If we do Lectio Divina every day, we will be able to read, pray, meditate, and finally contemplate

God every single moment of our lives.

If you want a one or two pages long explanation of how to do Lectio Divina, please let me

know, and I will send it to you.

Once again, I want to say that I am sorry for closing the Abbey to the public. I hope and pray

that we will have good news by the end of this week; please pray for us. I cannot wait to have

you with us for the Midnight Mass of Christmas.

May the Lord God bless you and keep you. May He smile upon you and give you peace.

Peace,

Abbot Isaac

ASH WEDNESDAY SCHEDULE

MASS AT NOON

ASHES DISTRIBUTED FROM 1:30 – 4:30

 

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Brother Lucius Amarillas, O.S.B.,

to Profess Solemn Vows on July 14

Brother Lucius Amarillas, O.S.B., a junior Benedictine monk of Saint Leo Abbey, will profess solemn vows during Mass at 10:00 a.m. on Sunday, July 14, 2019, at Saint Leo Abbey.  Professing solemn vows will bind Brother Lucius to the monastery and the Benedictine order for the remainder of his life.

All are invited to attend this joyous occasion! If you cannot attend in person, you are invited to pray for Brother Lucius and watch the live video stream of the Mass via Saint Leo Abbey’s Facebook page.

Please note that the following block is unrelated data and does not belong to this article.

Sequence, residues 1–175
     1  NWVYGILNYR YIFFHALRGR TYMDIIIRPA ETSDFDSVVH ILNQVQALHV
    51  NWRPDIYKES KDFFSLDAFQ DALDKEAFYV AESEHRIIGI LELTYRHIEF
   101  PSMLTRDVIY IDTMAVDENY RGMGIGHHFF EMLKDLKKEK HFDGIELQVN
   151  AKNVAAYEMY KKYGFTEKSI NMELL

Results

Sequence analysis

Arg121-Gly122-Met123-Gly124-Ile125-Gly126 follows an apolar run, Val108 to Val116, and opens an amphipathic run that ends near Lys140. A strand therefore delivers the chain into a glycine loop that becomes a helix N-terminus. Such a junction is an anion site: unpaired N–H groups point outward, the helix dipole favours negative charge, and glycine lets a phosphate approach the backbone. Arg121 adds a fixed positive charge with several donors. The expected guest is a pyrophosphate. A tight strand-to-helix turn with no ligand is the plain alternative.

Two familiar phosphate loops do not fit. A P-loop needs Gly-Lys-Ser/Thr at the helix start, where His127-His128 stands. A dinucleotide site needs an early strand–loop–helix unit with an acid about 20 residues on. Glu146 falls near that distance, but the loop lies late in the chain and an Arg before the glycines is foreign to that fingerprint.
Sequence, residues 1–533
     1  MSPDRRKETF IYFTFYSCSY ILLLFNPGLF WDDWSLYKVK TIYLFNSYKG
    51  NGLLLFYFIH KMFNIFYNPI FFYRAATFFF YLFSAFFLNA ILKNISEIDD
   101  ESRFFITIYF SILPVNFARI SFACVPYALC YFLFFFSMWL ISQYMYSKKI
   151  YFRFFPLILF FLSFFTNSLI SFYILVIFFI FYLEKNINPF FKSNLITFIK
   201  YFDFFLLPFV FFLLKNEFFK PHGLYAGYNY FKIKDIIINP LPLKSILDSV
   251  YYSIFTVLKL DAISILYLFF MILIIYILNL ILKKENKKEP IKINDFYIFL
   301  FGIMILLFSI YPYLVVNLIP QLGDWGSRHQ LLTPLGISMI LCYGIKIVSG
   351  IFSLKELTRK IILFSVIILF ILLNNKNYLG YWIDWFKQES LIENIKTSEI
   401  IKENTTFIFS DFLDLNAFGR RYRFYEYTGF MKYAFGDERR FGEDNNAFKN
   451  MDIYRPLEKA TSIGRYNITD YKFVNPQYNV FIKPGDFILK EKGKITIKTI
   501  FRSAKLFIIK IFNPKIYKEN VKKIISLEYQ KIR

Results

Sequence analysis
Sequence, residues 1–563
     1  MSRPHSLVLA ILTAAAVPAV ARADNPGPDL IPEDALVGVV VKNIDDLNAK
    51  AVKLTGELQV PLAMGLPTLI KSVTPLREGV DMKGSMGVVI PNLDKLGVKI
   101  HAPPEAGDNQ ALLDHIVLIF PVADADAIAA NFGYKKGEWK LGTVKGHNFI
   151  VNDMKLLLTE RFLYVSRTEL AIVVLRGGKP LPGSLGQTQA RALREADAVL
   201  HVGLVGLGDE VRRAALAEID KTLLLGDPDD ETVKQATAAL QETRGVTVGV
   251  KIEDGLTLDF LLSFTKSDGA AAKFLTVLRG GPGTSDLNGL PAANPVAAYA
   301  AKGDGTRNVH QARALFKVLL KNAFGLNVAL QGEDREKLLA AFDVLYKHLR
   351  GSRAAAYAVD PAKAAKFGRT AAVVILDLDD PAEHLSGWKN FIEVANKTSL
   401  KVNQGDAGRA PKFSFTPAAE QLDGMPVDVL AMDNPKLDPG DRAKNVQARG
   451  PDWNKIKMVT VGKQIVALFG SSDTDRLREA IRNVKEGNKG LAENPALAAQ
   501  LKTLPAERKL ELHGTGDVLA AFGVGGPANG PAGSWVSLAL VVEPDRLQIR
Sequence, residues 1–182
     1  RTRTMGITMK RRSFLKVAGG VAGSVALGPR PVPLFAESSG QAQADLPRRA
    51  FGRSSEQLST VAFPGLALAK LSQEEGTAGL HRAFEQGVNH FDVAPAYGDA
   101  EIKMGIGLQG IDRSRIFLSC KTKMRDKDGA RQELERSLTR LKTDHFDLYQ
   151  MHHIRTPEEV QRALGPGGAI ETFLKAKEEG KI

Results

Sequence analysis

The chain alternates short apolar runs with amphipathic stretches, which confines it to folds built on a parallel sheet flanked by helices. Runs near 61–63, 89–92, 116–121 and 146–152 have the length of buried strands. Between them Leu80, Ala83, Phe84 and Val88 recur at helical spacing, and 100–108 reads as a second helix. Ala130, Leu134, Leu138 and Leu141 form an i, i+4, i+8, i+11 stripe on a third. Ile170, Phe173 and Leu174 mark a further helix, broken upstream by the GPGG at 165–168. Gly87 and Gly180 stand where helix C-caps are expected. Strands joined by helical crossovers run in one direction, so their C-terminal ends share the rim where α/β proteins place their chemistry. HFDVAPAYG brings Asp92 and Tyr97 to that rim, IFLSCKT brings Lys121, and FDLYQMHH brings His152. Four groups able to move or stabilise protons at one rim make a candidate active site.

Brother Lucius was born in Manteca, California and grew up in Las Vegas, Nevada. After graduating high school, he moved to Florida and began studying religion at Saint Leo University. There, he started discerning a vocation with the Benedictine monks who founded the university.

For the last four years, Lucius has been through monastic formation, which consists of studying monastic history, Scripture, liturgy, and community life. Within the Abbey community, Lucius has been assigned several jobs from baking bread, cleaning and caring for the Abbey Church, and serving as the Abbot’s master of liturgical celebrations. With immense gratitude to Abbot Isaac, the monks of Saint Leo Abbey, as well as many others who have prayed for and accompanied him on his journey, Lucius looks forward to professing solemn vows of obedience, stability, and conversion of life. Following his profession of solemn vows, Lucius will continue graduate studies in theology at Saint Leo University and Saint John’s University, Collegeville.

Becoming a monk and taking Solemn Vows

The formation of a monk consists of a few stages the candidate progresses through: postulancy, novitiate, and juniorate. Following at least three years of the juniorate, if approved by the community, the junior monk may profess solemn vows, which binds him to the monastery and the Benedictine order for the remainder of his life.

These vows are unique to the Benedictine order. “Obedience” requires that the monk obeys his superior, the Abbot, and his successors. “Stability” requires that the monk remains a member of the particular monastic community in which he is making his vows, in this case, Saint Leo Abbey. Finally, “Conversion of Life” declares that the monk is indeed promising to live a life differently than the rest of the world, a life which is centered on monastic practices aiming for holiness.

 

Half way point of Lent: Some Encouraging words!

March 29 2019

Half way point of Lent; Words of Encouragement!